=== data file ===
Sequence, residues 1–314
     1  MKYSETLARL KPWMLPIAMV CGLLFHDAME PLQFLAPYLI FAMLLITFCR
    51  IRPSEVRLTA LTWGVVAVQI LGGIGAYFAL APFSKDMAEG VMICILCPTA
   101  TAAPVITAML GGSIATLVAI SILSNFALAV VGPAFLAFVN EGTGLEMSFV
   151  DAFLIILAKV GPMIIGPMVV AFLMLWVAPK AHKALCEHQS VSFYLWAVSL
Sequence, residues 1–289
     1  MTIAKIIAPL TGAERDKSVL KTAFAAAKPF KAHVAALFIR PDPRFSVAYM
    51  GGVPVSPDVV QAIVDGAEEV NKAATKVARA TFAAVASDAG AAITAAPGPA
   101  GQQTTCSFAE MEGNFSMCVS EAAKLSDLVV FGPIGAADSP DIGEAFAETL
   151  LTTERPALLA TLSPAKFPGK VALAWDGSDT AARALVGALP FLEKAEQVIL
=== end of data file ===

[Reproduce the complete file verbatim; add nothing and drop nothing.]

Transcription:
Sequence, residues 1–314
     1  MKYSETLARL KPWMLPIAMV CGLLFHDAME PLQFLAPYLI FAMLLITFCR
    51  IRPSEVRLTA LTWGVVAVQI LGGIGAYFAL APFSKDMAEG VMICILCPTA
   101  TAAPVITAML GGSIATLVAI SILSNFALAV VGPAFLAFVN EGTGLEMSFV
   151  DAFLIILAKV GPMIIGPMVV AFLMLWVAPK AHKALCEHQS VSFYLWAVSL
Sequence, residues 1–289
     1  MTIAKIIAPL TGAERDKSVL KTAFAAAKPF KAHVAALFIR PDPRFSVAYM
    51  GGVPVSPDVV QAIVDGAEEV NKAATKVARA TFAAVASDAG AAITAAPGPA
   101  GQQTTCSFAE MEGNFSMCVS EAAKLSDLVV FGPIGAADSP DIGEAFAETL
   151  LTTERPALLA TLSPAKFPGK VALAWDGSDT AARALVGALP FLEKAEQVIL